My sister is an invasive pest. No wait, my sister has an invasive pest. Last Saturday I got an urgent call from her because she had tent caterpillars on her purple leaf plum tree in New Jersey. I asked her if the plum tree had a ‘tent’ in the trunk of the tree and she said no. So, I knew it wasn’t the tent caterpillar because they don’t crawl from tree to tree. It’s also a bit late in the year for this pest of our cherry trees. We do find them in large numbers on a tree though. So, I questioned her about what they looked like. She said fuzzy and black. Well, that could be a tent caterpillar but I still wasn’t convinced. So I asked her to send me a picture.
Sure enough she had tons of large fuzzy black caterpillars on her plum tree, but they weren’t tent caterpillars, they were gypsy moths. Now anyone who grew up in the northeast knows this invasive leaf eating pest. I was a paper delivery girl back in the day when kids did it and you actually walked from house to house. I distinctly remember hearing the gypsy moths eat — yes — hearing them. And I remember caterpillar poo falling on me as I went from house to house. I don’t really remember being grossed out by this which seems pretty strange doesn’t it?!
The gypsy moth is one of the invasive species we don’t want to get started here. The caterpillars are voracious feeders and they love oak trees. They will eat all the leaves off large stands of trees of all types — even pines if there is nothing else. Rockdale County is one of three counties in Georgia that has had an outbreak of gypsy moth. A few years back they were brought in on some bluestone from Pennsylvania and took hold in Olde Town. We caught them early and were able to successfully spray ten acres and eradicate them. We got lucky. Believe it or not, Gypsy moth was brought to the United States on purpose — just like kudzu. Someone thought they’d be good silk producers but they soon escaped and got out of control.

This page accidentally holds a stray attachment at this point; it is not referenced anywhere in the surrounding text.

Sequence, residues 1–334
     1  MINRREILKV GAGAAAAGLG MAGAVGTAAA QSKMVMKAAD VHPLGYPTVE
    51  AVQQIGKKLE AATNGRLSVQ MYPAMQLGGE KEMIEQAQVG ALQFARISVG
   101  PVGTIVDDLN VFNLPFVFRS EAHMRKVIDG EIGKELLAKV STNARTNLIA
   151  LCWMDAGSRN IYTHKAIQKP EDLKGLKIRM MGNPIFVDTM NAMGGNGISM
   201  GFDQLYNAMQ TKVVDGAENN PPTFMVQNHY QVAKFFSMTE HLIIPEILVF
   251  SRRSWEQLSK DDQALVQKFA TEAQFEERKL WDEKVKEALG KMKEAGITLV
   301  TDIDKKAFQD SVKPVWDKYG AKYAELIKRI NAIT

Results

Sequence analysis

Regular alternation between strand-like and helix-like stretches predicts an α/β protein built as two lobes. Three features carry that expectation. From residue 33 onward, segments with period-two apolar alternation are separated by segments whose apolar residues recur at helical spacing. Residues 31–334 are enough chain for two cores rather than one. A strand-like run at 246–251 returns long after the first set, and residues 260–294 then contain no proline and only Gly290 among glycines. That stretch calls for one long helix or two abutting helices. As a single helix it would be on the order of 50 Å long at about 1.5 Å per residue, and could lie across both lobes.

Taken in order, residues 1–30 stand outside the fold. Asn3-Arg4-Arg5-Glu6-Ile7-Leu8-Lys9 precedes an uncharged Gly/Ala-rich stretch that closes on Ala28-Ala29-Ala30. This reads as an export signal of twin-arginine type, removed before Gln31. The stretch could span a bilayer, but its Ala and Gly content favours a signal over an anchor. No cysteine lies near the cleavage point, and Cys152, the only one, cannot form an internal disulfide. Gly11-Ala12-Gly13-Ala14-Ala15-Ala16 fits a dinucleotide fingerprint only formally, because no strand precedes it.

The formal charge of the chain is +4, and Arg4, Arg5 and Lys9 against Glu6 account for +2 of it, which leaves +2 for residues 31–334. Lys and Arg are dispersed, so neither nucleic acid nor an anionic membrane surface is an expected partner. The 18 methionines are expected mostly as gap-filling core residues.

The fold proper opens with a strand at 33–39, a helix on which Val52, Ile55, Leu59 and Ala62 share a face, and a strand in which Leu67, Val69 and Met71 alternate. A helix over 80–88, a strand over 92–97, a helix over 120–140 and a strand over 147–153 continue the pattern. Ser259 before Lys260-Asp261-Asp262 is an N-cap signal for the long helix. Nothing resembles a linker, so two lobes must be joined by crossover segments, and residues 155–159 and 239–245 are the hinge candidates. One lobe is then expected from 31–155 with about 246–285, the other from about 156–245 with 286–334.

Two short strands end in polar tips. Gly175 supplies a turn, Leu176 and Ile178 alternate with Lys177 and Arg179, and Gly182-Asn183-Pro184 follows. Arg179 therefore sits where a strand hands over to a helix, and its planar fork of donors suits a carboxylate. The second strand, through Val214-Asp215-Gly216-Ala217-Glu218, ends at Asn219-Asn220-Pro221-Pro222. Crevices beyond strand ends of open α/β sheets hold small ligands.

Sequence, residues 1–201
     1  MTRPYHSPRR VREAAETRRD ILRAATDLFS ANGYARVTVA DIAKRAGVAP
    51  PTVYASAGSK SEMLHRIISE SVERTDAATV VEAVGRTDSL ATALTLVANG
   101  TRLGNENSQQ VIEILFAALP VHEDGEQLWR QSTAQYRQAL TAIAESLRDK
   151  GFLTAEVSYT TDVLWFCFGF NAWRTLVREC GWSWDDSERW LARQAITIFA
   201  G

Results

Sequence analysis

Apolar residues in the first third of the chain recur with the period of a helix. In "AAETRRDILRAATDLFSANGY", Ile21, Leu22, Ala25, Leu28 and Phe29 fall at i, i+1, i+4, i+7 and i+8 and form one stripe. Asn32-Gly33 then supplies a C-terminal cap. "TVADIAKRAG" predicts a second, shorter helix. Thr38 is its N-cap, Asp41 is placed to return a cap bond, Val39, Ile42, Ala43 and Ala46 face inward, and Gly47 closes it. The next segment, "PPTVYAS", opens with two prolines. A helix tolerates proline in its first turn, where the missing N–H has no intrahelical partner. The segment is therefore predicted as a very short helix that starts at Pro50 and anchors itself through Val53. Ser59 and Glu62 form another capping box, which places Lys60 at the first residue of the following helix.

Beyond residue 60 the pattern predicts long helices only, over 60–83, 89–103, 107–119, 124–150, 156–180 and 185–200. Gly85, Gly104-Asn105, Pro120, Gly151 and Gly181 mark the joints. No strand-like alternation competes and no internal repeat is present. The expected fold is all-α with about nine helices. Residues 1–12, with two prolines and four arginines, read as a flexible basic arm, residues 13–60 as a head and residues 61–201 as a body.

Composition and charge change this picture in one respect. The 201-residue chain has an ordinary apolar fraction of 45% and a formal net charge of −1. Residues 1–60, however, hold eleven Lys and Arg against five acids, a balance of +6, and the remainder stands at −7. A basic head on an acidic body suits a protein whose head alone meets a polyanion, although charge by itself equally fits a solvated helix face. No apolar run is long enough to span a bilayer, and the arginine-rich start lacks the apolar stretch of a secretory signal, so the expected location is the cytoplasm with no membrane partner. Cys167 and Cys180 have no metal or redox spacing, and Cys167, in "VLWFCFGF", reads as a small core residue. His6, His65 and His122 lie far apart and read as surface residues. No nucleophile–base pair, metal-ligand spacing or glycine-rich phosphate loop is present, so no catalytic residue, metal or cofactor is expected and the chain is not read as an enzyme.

So, what did I tell my sister to do? I calmly told her the first thing to do was go to the drug store and buy 70 percent isopropyl alcohol. Then I told her to dump some out and put as many caterpillars as she could in the bottle to drown. She kind of paused and then said, "But there’s too many caterpillars. That won’t get rid of them." I chuckled when I told her that this process wasn’t to kill them — but was to collect samples for my 4-H Forestry Judging Team. I told her after she collected the samples she could spray Bt on the tree or trap them with burlap and destroy them since it was only one tree. She called me back a short while later and had collected 40 of them for me with her ‘caterpillar stick.’ She wouldn’t touch them with her hand. She also informed me that they really didn’t seem to want to go swimming in the alcohol. Smart caterpillars.
When I was in my teens, my little sister certainly was invasive — getting into my clothes, spying on me and my friends, stealing the candy I hoarded from Halloween and Easter……. Today, I’ll say she’s a wonderful sister to collect gypsy moth caterpillars for me. When I go to visit her in July, I’ll be looking for the adult moths to bring back for the Forestry team — dead of course. The gypsy moths are the true invasive pests and not my sister after all.
Jule-Lynne Macie is the Rockdale County Extension Coordinator. She can be reached at (770)278-7373.